Transgender Artists, Works Gaining Acceptance


Though depicting a relatively tiny segment of the population, transgender-themed works of art and entertainment have been racking up quite a few awards for quite a few people. Last spring, Hilary Swank won the Oscar for best actress for her portrayal of female-to-male Brandon Teena in “Boys Don’t Cry.” A few months later, transgender comedian Eddie Izzard won two Emmys for his one-man show “Dress to Kill.” And this year, two of the top prizes at Sundance went to “Hedwig and the Angry Inch,” about a transgender rock singer, and “Southern Comfort,” a documentary about a female-to-male dying of ovarian cancer.

It is impossible to overstate the significance of these works, particularly “Boys Don’t Cry,” among the transgender community. Brandon Teena did not fit the social stereotype of a transsexual. He had taken no hormones nor had any sexual reassignment surgery, although some friends and relatives say he hoped to someday. After his murder in Nebraska, his mother and other members of the family refused to refer to him by his chosen name or pronoun, and early media reports, including a seminal piece in the Village Voice, referred to him as her.

For many, the subsequent protests, controversy and final decision by the media to refer to Teena as him, were liberating. It brought to the mainstream a whole new definition of transsexual, or transgender. For female-to-males, especially, it provided an image they could point to when explaining their past, or their chosen future, to friends and family.

It also marked a shift in the role transgender characters play in movies and television. Where once they were comedic oddities, or serial killers, recent portrayals have been more sympathetic, often because actual transgender people are behind them. Izzard’s award-winning show, the title of which plays off the transsexual serial killer in Brian De Palma’s “Dressed to Kill,” is by no means a diatribe on the transgender life. Very little of the stand-up performance deals directly with the fact that the British comedian identifies as much as a woman as he does a man. The history of imperialism, the building of Stonehenge, the secret longings of squirrels--all get more air time than Izzard’s makeup and high heels and feminine garb. But that’s the whole point.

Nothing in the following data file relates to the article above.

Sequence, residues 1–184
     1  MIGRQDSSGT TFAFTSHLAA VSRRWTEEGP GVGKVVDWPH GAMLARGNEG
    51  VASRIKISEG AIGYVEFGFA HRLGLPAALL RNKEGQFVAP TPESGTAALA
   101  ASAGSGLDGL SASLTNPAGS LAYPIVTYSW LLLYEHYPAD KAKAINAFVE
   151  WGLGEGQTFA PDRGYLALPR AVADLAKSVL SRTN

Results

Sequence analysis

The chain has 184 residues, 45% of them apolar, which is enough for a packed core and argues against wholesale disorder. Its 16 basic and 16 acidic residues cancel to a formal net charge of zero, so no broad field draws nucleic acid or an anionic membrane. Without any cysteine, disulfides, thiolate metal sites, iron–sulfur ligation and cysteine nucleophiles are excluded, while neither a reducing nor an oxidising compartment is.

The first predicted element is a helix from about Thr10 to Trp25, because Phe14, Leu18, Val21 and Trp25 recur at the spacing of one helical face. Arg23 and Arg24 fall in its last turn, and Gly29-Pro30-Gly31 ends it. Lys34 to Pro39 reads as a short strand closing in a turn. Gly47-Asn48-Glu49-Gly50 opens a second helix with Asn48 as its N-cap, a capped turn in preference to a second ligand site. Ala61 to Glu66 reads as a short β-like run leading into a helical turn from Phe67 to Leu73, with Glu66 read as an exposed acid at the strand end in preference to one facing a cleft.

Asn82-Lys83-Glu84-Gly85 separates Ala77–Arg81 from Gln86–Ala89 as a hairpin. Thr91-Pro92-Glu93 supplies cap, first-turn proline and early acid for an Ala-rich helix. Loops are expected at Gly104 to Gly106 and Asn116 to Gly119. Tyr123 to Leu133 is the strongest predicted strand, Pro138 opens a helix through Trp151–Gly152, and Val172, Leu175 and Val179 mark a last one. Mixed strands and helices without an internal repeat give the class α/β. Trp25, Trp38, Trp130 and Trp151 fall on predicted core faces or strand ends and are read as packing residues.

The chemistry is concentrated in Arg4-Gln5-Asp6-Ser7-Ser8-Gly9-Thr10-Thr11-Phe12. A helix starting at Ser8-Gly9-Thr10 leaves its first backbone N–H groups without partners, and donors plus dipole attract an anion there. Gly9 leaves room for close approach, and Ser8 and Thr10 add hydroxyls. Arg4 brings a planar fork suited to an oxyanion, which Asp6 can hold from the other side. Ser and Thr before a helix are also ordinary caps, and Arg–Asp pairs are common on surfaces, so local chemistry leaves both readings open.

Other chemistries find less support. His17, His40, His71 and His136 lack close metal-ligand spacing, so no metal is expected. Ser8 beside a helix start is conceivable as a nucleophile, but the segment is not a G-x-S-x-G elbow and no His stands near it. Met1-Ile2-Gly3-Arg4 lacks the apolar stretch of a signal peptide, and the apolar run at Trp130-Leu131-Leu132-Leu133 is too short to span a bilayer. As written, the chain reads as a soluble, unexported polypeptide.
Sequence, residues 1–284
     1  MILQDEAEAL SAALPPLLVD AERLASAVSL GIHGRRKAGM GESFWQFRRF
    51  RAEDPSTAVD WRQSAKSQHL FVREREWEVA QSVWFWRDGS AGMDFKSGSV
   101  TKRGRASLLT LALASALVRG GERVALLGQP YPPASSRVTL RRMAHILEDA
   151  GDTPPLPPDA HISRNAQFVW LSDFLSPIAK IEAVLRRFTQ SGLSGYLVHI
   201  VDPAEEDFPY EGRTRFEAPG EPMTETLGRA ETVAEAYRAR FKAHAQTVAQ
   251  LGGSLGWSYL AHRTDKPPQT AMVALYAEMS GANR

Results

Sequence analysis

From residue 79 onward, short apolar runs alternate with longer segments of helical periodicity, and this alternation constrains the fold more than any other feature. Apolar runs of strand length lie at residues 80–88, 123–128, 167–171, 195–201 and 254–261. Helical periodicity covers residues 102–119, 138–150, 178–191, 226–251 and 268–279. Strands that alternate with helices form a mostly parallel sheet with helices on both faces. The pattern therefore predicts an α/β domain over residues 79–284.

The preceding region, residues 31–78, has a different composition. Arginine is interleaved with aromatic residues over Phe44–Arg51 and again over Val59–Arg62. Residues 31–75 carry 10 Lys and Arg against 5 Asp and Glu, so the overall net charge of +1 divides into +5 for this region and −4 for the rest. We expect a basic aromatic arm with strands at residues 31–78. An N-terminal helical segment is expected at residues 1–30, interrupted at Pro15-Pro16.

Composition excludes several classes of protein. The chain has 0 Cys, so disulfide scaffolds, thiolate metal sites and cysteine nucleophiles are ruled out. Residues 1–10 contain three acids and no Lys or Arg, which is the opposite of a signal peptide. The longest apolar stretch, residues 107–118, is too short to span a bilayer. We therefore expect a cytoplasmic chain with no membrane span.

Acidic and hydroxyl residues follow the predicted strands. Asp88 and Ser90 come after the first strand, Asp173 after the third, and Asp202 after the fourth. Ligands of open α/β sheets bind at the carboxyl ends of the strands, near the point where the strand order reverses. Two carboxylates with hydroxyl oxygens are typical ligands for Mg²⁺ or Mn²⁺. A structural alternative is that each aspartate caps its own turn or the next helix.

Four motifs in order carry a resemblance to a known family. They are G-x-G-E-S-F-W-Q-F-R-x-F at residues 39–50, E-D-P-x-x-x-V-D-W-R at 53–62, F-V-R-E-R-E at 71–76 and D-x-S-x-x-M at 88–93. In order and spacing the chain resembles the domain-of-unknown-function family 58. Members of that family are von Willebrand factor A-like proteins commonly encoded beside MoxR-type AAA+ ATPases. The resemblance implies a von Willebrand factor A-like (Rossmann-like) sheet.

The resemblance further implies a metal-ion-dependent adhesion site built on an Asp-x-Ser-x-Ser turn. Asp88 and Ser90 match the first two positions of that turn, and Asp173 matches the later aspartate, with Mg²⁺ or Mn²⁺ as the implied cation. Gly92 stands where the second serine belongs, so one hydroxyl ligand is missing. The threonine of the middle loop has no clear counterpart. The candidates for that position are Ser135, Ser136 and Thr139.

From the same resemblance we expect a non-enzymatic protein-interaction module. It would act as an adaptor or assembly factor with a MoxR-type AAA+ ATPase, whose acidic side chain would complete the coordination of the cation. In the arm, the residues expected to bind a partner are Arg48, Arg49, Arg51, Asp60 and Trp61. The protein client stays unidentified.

“Basically, I think everyone has got to come out,” he says. “And I’ve engineered my career to be out. But if you go on and on about it, people turn off. If you just talk crap, which I do, people think, ‘Oh, he’s all right.’ And I do have a life; I’m not just sitting around thinking about my sexuality.”

His sexuality has, however, been the subject of endless speculation since his career took off in the mid-'90s. Profiles invariably had him “insisting” he was straight, which, he says, got a bit tiresome. “I remember I was on some show and I said I was straight, and this drag queen [who was also a guest] screamed, ‘Liar!’ I was prepared for all sorts of reactions, but not for a drag queen to call me a liar.”

Now Izzard identifies as “a male lesbian,” and that seems to have quieted everyone down a bit. He says he has considered having sexual reassignment surgery for years. “But I realized that given my face and figure, I’d only look like a bloke in a dress. And if that’s the case, I might as well just live as a bloke in a dress.”